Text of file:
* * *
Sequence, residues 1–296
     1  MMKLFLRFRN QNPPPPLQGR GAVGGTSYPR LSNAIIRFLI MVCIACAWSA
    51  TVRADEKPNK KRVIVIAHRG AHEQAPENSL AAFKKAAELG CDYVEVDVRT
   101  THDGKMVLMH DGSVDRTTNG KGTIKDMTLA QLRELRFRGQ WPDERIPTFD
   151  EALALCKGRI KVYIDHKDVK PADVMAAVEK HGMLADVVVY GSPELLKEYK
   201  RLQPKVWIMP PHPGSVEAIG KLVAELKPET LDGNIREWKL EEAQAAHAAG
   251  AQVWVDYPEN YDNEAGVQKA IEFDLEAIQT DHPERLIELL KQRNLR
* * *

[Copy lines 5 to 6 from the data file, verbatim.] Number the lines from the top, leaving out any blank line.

   151  EALALCKGRI KVYIDHKDVK PADVMAAVEK HGMLADVVVY GSPELLKEYK
   201  RLQPKVWIMP PHPGSVEAIG KLVAELKPET LDGNIREWKL EEAQAAHAAG